Taladhvaja, Tāladhvaja, Tala-dhvaja: 11 definitions
Taladhvaja means something in Hinduism, Sanskrit, the history of ancient India. If you want to know the exact meaning, history, etymology or English translation of this term then check out the descriptions on this page. Add your comment or reference to a book if you want to contribute to this summary article.
Purana and Itihasa (epic history)Source: archive.org: Puranic Encyclopedia
1) Tāladhvaja (तालध्वज).—The phantom husband of Nārada. Once Nārada became a woman and a king called Tāladhvaja married her (Devī Purāṇa). It was to show how the mind is covered with illusion that Mahāviṣṇu made Nārada into a woman.
Once Nārada went to Mahāviṣṇu and asked him about the secret of life. Mahāviṣṇu said that there was nothing called life and life exists because of Māyā the illusion of the mind. Nārada insisted that he should see 'Māyā' (illusion) and so Viṣṇu started from Vaikuṇṭha with Nārada on the back of Garuḍa. (See full article at Story of Tāladhvaja from the Puranic encyclopaedia by Vettam Mani)
2) Tāladhvaja (तालध्वज).—See under Siṃhadhvaja.
The Purana (पुराण, purāṇas) refers to Sanskrit literature preserving ancient India’s vast cultural history, including historical legends, religious ceremonies, various arts and sciences. The eighteen mahapuranas total over 400,000 shlokas (metrical couplets) and date to at least several centuries BCE.
India history and geographySource: Cologne Digital Sanskrit Dictionaries: Indian Epigraphical Glossary
Tāladhvaja.—(BL), official designation of the governor of a territory; same as Gujarātī Tāḻājā. Note: tāladhvaja is defined in the “Indian epigraphical glossary” as it can be found on ancient inscriptions commonly written in Sanskrit, Prakrit or Dravidian languages.
The history of India traces the identification of countries, villages, towns and other regions of India, as well as royal dynasties, rulers, tribes, local festivities and traditions and regional languages. Ancient India enjoyed religious freedom and encourages the path of Dharma, a concept common to Buddhism, Hinduism, and Jainism.
Languages of India and abroad
Sanskrit dictionarySource: DDSA: The practical Sanskrit-English dictionary
Tāladhvaja (तालध्वज).—m. an epithet of Balarāma.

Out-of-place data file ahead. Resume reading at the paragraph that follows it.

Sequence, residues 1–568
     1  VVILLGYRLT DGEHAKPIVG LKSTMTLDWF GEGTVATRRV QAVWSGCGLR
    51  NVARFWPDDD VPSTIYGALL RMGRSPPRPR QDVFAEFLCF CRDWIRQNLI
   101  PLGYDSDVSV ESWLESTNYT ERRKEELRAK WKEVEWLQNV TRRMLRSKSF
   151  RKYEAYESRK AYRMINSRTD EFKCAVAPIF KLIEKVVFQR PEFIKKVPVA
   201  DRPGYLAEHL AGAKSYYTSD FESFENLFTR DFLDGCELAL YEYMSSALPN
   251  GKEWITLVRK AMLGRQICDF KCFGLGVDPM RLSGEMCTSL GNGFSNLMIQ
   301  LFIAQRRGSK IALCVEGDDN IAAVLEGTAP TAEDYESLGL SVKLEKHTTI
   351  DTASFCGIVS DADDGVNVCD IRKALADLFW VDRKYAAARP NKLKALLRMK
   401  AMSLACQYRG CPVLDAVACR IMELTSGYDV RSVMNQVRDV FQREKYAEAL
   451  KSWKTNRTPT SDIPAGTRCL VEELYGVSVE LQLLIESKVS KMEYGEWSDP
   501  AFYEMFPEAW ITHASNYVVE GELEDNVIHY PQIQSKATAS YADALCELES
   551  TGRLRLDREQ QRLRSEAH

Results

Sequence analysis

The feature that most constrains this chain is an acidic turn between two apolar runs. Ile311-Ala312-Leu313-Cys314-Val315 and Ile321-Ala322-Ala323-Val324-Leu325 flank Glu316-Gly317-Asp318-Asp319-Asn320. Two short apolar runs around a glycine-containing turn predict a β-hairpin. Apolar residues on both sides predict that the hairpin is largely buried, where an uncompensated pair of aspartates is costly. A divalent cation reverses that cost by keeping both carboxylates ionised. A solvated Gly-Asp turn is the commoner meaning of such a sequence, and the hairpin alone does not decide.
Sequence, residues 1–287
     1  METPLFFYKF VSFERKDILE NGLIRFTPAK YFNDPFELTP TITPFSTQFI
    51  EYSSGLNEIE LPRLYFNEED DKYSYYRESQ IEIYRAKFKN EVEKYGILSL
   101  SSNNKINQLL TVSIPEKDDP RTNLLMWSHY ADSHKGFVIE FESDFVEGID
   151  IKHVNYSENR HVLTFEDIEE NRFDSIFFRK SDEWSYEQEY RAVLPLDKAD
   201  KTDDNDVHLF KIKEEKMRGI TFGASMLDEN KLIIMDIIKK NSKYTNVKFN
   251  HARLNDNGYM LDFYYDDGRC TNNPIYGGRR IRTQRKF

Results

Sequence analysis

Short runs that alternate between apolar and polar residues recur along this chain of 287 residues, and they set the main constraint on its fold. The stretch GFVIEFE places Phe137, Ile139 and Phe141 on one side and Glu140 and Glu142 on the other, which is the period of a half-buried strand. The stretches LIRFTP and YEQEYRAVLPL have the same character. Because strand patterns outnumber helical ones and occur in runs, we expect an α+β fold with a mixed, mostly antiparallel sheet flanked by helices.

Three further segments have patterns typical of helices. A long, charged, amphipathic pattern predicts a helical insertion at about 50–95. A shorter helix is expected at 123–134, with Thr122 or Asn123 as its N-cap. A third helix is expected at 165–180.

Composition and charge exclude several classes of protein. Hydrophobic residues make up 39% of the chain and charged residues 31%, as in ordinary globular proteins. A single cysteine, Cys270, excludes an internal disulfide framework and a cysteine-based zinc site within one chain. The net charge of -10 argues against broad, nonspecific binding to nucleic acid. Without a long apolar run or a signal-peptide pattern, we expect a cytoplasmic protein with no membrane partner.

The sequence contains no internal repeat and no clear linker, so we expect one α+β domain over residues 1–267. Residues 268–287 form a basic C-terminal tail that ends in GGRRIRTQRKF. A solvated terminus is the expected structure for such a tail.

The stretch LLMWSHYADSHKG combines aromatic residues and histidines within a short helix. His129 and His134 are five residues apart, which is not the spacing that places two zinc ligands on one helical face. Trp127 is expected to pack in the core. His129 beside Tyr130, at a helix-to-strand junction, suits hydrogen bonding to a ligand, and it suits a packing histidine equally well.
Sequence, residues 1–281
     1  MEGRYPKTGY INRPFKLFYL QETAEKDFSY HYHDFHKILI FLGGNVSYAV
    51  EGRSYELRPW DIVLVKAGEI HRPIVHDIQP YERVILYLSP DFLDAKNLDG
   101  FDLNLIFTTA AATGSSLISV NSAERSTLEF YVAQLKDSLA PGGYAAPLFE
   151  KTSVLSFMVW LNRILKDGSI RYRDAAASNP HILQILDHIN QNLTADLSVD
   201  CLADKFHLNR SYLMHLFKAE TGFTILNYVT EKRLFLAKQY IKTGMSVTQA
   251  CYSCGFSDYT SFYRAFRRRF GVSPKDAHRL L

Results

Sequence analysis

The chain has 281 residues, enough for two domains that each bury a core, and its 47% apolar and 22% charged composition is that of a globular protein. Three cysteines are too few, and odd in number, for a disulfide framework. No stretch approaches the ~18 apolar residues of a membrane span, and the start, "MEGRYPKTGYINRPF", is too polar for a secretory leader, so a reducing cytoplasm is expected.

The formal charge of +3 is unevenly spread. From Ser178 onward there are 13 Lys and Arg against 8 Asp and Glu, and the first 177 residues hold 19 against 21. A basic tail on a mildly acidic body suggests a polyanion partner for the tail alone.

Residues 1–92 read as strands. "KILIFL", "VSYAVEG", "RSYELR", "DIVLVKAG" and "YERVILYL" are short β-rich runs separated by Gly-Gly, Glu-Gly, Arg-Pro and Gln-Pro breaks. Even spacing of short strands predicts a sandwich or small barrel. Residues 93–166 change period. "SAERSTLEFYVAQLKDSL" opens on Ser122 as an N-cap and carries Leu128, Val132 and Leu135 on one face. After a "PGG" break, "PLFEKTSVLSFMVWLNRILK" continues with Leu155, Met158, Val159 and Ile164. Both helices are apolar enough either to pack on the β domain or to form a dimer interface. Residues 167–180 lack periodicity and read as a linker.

Derivable forms: tāladhvajaḥ (तालध्वजः).Source: Cologne Digital Sanskrit Dictionaries: Edgerton Buddhist Hybrid Sanskrit Dictionary
Tāladhvaja (तालध्वज).—nt., name of a city (in the south): Gaṇḍavyūha 154.20; 155.10. (In Sanskrit m. as name of a mountain, and °jā, f., cited Lex. as name of a city.)Source: Cologne Digital Sanskrit Dictionaries: Shabda-Sagara Sanskrit-English Dictionary
(-jaḥ) A name of Balarama. f.
(-jā) The name of a city. E. tāla the palm, and dhvaja a banner. tālaḥ dhvajaḥ asya .Source: Cologne Digital Sanskrit Dictionaries: Benfey Sanskrit-English Dictionary
Tāladhvaja (तालध्वज).—m. 1. a name of Balarāma, Mahābhārata 9, 2139. 2. the name of a mountain, [Śatruṃjayamāhātmya, (ed. A. Weber.)] 1, 50.
Tāladhvaja is a Sanskrit compound consisting of the terms tāla and dhvaja (ध्वज).Source: Cologne Digital Sanskrit Dictionaries: Cappeller Sanskrit-English Dictionary
Tāladhvaja (तालध्वज).—[masculine] = tālaketu.Source: Cologne Digital Sanskrit Dictionaries: Monier-Williams Sanskrit-English Dictionary
1) Tāladhvaja (तालध्वज):—[=tāla-dhvaja] [from tāla] m. ‘= -ketu’, Bala-Rāma, [Mahābhārata ix]
2) [v.s. ...] Name of a mountain, [Śatruṃjaya-māhātmya i]
3) Tāladhvajā (तालध्वजा):—[=tāla-dhvajā] [from tāla-dhvaja > tāla] f. of a town, [Padma-purāṇa vi]Source: Cologne Digital Sanskrit Dictionaries: Yates Sanskrit-English Dictionary
Tāladhvaja (तालध्वज):—[tāla-dhvaja] (jaḥ) 1. m. A name of Balarāma. (jā) f. Name of a city.
[Sanskrit to German]
Sanskrit, also spelled संस्कृतम् (saṃskṛtam), is an ancient language of India commonly seen as the grandmother of the Indo-European language family (even English!). Closely allied with Prakrit and Pali, Sanskrit is more exhaustive in both grammar and terms and has the most extensive collection of literature in the world, greatly surpassing its sister-languages Greek and Latin.
See also (Relevant definitions)
Search found 5 books and stories containing Taladhvaja, Tala-dhvaja, Tāla-dhvaja, Tāla-dhvajā, Tāladhvaja, Tāladhvajā; (plurals include: Taladhvajas, dhvajas, dhvajās, Tāladhvajas, Tāladhvajās). You can also click to the full overview containing English textual excerpts. Below are direct links for the most relevant articles:
Puranic encyclopaedia (by Vettam Mani)
Chaitanya Bhagavata (by Bhumipati Dāsa)
Verse 2.3.142 < [Chapter 3 - The Lord Manifests His Varāha Form in the House of Murāri and Meets with Nityānanda]
The Devi Bhagavata Purana (by Swami Vijñanananda)
The Padma Purana (by N.A. Deshpande)
Chapter 5 - The Story of Mādhava and Sulocanā < [Section 7 - Kriyāyogasāra-Khaṇḍa (Section on Essence of Yoga by Works)]
The Skanda Purana (by G. V. Tagare)
Chapter 25 - The Construction and Installation of the Chariot of the Lord < [Section 2 - Puruṣottama-kṣetra-māhātmya]